3) Change All Default Passwords

Default passwords are the primary security weakness of Christmas tech. The problem is that devices work out of the box, but hackers know what the default passwords are and have an easier time hacking devices whose passwords haven’t been changed. The easiest way to protect your new tech is just to change the default passwords. This essentially locks an otherwise easy access to your home network and personal information.

Most device hackers are essentially doorknob rattlers, similar to thieves just looking for an already-open door. A custom password makes the difference between an open door and a deadbolted one for your home cybersecurity.


4) Invent a New Password This Year

Speaking of passwords, use Christmas and the New Year as a reason to invent a new one. We know most people have one or two favorite passwords that are used for everything and we can’t stop you. But we can encourage you to change-up every now and then. If you use the same password too long, there’s a good chance that one of many commercial database hacks will eventually cause that password to fall into the dark net.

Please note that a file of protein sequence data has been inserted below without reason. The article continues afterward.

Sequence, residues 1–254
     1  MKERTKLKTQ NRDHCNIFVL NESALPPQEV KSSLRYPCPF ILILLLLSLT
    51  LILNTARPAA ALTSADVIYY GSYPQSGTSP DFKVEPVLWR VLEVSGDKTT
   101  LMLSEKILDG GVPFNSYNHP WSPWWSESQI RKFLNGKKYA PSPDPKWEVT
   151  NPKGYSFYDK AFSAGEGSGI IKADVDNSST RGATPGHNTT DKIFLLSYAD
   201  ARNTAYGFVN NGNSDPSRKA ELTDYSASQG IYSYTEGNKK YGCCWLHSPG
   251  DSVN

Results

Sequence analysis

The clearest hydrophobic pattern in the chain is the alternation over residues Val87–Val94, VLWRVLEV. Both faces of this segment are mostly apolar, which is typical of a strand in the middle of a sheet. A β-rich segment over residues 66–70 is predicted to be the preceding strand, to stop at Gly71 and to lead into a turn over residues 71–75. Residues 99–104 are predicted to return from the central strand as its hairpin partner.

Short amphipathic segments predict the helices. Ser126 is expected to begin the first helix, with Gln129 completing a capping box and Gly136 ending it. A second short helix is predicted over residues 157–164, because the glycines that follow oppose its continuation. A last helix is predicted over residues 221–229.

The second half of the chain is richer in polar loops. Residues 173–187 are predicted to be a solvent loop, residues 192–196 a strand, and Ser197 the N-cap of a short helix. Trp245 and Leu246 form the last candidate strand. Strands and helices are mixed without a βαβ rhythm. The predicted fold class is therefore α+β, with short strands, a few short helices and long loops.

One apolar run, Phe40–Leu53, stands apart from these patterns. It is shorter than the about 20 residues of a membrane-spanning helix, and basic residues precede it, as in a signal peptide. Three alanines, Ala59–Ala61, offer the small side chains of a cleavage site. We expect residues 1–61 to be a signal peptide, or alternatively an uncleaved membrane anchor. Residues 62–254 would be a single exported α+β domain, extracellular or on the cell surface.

So make up a new, complicated password that makes you laugh this holiday. Use it for all your new devices and any new accounts you make when enjoying your freshly unwrapped Christmas tech.


5) Make a Separate Wifi Network for the Smart Home

Smart-home and IoT devices are less secure than devices like phones and tablets. They tend to connect with more simple protocol and therefore are also easier to hack if accessed. They are also all internet connected, increasing the chance of being hacked into a bot-net. It’s still tricky to fully protect smart devices from being hacked, but you can protect the computers and mobile devices on your home wifi network.

The trick is to split your wifi into two networks. Set the second network to 2.5 GHz. Many smart and IoT devices only work well on the lower wifi frequency, leaving signal wavelength space for your internet on the 5Ghz primary wifi network.


6) Configure Biometric Logins